When you’re looking for an otaku hotspot to head to, you likely imagine a themed cafe, a specialty shop, or a museum exhibition. But what about a forest? That’s exactly what we are going to talk about today!
About an hour from Tokyo’s otaku neighbourhood of Ikebukuro lies Totoro’s Forest in Saitama Prefecture. It’s a nature reserve that serves as an easy hiking area through the forest that is said to have inspired Hayao Miyazaki’s famous film My Neighbour Totoro.
Supposedly, Totoro himself lives in this forest as its guardian too, so be sure to keep your eyes open when you’re exploring...
Totoro’s Forest, Tokorozawa, Saitama
351 Kamiyamaguchi, Tokorozawa, Saitama 359-1153
Nearest train line(s)
|Cost of Admission||Free|
|Hours of Operation|| Time and days|
Forest - 9am - 5pm, every day
Kurosuke’s House - 10am - 3pm, Tuesday, Wednesday, Saturday
Totoro’s Forest is a nature reserve in Saitama that was originally protected by Hayao Miyazaki himself. Using his funding, the forest was saved from development and will remain a natural area for the foreseeable future. To help encourage other people to keep the forest clean and to donate money to help protect it, it was named Totoro’s Forest. Now it’s maintained by volunteers and donations which help keep the forest clean and protected. It’s actually not just one forest, but many, though are all connected by the hiking trails or paved roads. The entirety of Totoro’s Forest is all over the area of Sayama Hills.
Totoro’s Forest is totally free to visit and enjoy. It has several trails that weave through the trees and, while there are some hills and steps, it’s generally okay for all fitness levels as long as you have appropriate footwear. The forest itself is very quiet and usually not crowded at all so it’s easy to believe that you may actually run into Totoro or one of his friends walking the paths through the trees.
There are also a few Shinto shrines along the way, which often have no one else at them, giving you a great chance to explore and take photos while feeling a true sense of peace. You can also learn more about the history and folklore of the Sayama Hills area at the museums located in the small towns you may pass (though be aware that most information is in Japanese).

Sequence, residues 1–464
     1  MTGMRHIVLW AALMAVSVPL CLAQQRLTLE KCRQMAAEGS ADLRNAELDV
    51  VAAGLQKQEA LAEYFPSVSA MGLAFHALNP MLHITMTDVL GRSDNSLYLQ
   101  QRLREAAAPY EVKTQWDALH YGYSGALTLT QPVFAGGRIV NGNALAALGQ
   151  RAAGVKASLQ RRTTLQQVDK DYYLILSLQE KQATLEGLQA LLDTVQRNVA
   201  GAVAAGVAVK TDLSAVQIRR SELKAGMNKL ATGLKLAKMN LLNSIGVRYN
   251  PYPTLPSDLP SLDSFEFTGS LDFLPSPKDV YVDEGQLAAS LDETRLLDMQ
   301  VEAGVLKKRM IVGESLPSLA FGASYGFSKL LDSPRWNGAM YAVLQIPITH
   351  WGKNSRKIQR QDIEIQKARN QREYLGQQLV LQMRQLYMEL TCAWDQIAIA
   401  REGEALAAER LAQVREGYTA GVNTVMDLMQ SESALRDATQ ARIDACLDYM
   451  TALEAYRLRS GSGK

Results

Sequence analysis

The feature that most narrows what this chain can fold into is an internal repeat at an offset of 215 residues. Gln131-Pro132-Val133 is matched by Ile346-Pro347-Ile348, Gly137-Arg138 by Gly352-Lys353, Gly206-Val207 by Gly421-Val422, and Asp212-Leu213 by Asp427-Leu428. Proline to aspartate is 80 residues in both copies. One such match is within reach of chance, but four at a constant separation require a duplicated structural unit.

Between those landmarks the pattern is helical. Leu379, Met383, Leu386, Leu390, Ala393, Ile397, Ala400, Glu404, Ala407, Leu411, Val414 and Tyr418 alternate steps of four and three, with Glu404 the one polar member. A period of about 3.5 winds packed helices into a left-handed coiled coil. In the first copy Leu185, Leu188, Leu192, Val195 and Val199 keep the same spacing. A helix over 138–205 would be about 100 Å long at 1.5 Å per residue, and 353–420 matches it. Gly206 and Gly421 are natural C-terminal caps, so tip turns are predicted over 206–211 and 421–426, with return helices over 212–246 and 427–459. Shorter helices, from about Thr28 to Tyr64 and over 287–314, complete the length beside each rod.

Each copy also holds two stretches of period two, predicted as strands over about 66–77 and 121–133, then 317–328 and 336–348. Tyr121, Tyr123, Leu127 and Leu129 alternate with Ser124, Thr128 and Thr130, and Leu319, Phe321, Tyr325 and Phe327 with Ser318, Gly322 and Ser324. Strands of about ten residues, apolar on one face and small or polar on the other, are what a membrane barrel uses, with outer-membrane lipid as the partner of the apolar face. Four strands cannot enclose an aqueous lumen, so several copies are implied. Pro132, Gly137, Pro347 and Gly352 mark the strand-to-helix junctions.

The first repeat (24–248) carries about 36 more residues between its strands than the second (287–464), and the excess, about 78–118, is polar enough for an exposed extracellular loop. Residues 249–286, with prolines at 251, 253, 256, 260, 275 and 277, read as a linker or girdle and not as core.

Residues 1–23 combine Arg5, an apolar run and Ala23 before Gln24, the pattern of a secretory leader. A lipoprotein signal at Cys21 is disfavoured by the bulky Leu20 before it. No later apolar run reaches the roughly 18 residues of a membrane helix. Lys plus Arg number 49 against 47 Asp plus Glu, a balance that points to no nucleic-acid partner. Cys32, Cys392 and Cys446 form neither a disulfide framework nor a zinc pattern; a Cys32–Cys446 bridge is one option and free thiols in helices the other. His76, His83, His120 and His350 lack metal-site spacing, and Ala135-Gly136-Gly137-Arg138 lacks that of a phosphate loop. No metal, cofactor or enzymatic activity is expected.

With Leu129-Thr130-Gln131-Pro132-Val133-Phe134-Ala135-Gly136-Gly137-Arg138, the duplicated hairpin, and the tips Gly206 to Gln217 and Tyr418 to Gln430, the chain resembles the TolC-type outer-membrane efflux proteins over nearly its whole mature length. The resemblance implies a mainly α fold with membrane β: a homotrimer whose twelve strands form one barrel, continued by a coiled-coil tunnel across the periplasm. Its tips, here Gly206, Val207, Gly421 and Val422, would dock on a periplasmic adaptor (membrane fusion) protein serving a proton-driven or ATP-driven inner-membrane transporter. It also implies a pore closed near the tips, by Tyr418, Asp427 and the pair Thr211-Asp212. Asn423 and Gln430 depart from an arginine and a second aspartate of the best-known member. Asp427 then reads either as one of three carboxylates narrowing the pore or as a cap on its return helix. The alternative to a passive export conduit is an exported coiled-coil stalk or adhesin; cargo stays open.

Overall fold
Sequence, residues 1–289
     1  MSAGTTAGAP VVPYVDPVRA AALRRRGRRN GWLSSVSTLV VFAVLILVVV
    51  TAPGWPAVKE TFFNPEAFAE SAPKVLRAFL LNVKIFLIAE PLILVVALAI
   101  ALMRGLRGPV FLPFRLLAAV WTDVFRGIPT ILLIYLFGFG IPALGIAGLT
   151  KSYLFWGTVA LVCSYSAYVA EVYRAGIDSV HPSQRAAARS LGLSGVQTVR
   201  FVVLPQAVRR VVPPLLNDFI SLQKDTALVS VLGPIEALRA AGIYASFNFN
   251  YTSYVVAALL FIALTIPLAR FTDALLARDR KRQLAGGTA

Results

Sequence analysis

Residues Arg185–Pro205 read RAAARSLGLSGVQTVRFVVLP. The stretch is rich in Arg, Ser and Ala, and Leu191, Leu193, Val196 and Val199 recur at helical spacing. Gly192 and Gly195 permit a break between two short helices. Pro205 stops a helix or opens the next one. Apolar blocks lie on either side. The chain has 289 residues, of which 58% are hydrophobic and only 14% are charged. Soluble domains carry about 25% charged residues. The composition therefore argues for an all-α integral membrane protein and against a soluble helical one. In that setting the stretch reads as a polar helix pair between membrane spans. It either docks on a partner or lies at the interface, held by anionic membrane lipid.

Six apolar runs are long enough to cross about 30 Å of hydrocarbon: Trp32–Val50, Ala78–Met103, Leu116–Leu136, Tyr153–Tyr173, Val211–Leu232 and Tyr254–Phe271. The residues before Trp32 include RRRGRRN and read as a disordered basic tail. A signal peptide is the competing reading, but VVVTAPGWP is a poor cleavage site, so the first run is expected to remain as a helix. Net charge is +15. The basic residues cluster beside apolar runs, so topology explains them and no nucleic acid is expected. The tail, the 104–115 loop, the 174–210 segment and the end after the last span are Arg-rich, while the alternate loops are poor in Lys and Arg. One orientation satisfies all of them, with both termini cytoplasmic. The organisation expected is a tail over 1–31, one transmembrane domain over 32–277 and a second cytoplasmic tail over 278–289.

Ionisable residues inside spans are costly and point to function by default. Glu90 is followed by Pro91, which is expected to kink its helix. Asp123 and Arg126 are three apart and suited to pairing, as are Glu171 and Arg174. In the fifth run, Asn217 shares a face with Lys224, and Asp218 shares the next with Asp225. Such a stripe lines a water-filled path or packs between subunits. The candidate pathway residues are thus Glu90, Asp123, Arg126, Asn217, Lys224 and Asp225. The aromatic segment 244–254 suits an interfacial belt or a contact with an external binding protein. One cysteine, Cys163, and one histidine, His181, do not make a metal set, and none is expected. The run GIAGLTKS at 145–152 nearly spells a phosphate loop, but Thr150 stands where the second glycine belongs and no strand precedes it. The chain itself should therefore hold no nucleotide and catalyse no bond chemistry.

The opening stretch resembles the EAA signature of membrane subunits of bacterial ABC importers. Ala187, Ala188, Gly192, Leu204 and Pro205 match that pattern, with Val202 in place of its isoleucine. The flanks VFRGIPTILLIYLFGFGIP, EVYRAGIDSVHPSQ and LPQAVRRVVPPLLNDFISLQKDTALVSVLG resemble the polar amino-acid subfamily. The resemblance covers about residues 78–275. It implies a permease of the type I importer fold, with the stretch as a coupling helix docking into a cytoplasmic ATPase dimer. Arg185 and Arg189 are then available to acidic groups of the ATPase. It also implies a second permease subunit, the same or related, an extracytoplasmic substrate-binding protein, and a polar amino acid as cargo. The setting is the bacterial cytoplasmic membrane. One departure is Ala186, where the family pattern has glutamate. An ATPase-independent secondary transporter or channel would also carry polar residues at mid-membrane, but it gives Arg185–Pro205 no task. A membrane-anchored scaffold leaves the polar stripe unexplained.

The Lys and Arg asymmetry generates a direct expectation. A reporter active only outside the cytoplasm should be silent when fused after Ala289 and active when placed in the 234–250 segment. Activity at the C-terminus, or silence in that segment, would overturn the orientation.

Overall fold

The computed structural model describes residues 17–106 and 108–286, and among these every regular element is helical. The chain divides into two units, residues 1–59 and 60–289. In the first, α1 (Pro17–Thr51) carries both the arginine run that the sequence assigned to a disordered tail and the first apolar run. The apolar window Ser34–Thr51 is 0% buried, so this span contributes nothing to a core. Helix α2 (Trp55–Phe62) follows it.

While Totoro’s Forest is open every day of the week, one very special stop is only open for three days - Kurosuke’s House. If you remember the film My Neighbour Totoro, kurosuke are the sprites at the beginning that live in the big house. Kurosuke’s House is modelled after the famous house in the film and even has a big Totoro statue inside. You can buy a lot of Totoro goods there, and the money goes back to help protect Totoro’s Forest. There’s also a sketchbook where you can leave behind a special message, and a Japanese tea house to grab a traditional sweet and drink at the end of your hike.
The route to and through Totoro’s Forest is not very well marked. If you have access to the internet, it’s good to keep an eye on the GPS on your phone as well. Keep your eyes open for small signs and markers and follow them when you see them! Many of the signs along the trail are only written in Japanese, so be sure to make a note of トトロの森 before you go if you can’t read Japanese. The address we have given in this article is for Totoro’s Forest No. 1, where we suggest starting, but keep in mind that the nature reserve is spread out over 89,689 square metres.
If you’re coming to Totoro’s Forest from Tokyo, you are going to pass through a station called Tokorozawa. This neighbourhood is trying to develop itself into another otaku paradise, with a lot of anime stores, anime-themed manhole covers, an anime hotel, and a manga library! If you have time before or after your hike and want to expand your day in Saitama to include some more traditional otaku destinations, look no further than Tokorozawa. It’s just a few stops away, anyway! And be sure to listen for the station jingle on the train platform there - it’s actually Totoro’s theme song.
If you are a fan of Miyazaki’s work in Studio Ghibli, then you understand how appropriate a nature reserve is for this otaku hotspot. Miyazaki’s films often have environmental themes, so exploring a beautiful nature reserve (and donating a little money there if you can!) is exactly the sort of experience Miyazaki himself would want you to have. Totoro’s Forest may not be the otaku hotspot you expect, but if you have time to visit, it’s well worth the trip.
Are you interested in visiting Totoro’s Forest? Would you like to learn more about unexpected otaku hot spots like this one? Let us know in the comments!